Deep Space Networks
Sending a satellite to the Moon is only one part of the story, and the other part is to establish a deep space network for tracking and communicating with the satellite when it is in lunar orbit.
China does not have an exclusive network to cater for their Moon mission. There are few networks available globally like the US network—consisting of sites in California, Australia and Spain. However, geopolitics plays a dominant role in this, and in case of China, this network is off limits for political reasons. So the mission relied on a combination of Chinese and European assets. European Space Agency (ESA) has offered China assistance with communications and tracking relays to
and from the probe using its deep space network ESTRACK. This support was mainly because the Chinese had promised to share the data gathered from the Chang’e-1 mission in return . China has wisely avoided any overdependence on such agencies. For purpose of the Moon mission, they have modified their S-band aerospace Telemetry, Tracking and Command (TT & C) network designed earlier for their manned space programme. The largest antennas for this network have an aperture of only 12 m. A series of technical measures were taken to ensure that such antennas could communicate with their Moon probe too .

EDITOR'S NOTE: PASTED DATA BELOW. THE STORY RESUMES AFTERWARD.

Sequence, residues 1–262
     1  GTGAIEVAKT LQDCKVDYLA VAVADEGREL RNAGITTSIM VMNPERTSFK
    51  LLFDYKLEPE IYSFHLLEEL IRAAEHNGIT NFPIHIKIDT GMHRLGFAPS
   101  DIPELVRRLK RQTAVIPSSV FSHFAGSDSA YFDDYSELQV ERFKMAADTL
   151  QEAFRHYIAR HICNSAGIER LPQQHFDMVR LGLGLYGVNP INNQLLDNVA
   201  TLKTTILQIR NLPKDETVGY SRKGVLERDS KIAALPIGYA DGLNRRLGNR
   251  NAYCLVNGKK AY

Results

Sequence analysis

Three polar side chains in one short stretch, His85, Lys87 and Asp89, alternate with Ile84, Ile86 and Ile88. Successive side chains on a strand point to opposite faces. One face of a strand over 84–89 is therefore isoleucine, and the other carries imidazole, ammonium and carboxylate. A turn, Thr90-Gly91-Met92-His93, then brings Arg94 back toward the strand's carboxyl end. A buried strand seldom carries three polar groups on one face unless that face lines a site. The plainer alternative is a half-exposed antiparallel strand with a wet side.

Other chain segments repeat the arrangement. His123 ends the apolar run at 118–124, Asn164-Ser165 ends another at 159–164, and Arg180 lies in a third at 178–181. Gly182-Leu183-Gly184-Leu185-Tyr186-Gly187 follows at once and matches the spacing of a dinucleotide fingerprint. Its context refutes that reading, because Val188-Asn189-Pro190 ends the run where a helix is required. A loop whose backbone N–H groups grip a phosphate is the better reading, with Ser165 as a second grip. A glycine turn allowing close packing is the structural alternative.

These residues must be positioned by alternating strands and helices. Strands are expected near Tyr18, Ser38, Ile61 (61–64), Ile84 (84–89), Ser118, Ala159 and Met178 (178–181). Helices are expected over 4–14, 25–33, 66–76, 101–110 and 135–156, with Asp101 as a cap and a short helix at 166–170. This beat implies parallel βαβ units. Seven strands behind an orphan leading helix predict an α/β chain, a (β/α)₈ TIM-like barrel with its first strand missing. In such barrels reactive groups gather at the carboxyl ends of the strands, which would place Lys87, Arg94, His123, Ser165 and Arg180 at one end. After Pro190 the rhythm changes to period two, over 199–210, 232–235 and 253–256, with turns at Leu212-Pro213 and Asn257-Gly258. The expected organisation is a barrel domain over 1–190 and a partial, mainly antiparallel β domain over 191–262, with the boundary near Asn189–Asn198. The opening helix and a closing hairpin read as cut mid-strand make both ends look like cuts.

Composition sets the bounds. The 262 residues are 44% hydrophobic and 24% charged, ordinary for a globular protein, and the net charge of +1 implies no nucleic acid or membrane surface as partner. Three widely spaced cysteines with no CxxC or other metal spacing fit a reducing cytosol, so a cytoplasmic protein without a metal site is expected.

India has installed a pair of giant antennas to monitor its Moon mission. The facility known as Indian Deep Space Network (IDSN) consists of two powerful dish antennas, 32 and 18 m in diameter. This network will serve as the base station for future planetary missions like to Mars and would also be used to track the proposed space telescope, the astronomical satellite (Astrosat). Apart from this, various ground stations within and outside India are available under the ISRO Telemetry, Tracking and Command Network (ISTRAC) for providing ground support to Moon missions.
As per JAXA official website for the purposes of Kaguya mission, Japan is making use of the terrestrial station which is present at many places of the world, with Sagamihara in Japan as a centre. The deep space centre at Usuda and Uchinoura Space Center that operates two large antennas (20- and 34-m dishes) also form part of this telemetry tracking and command network.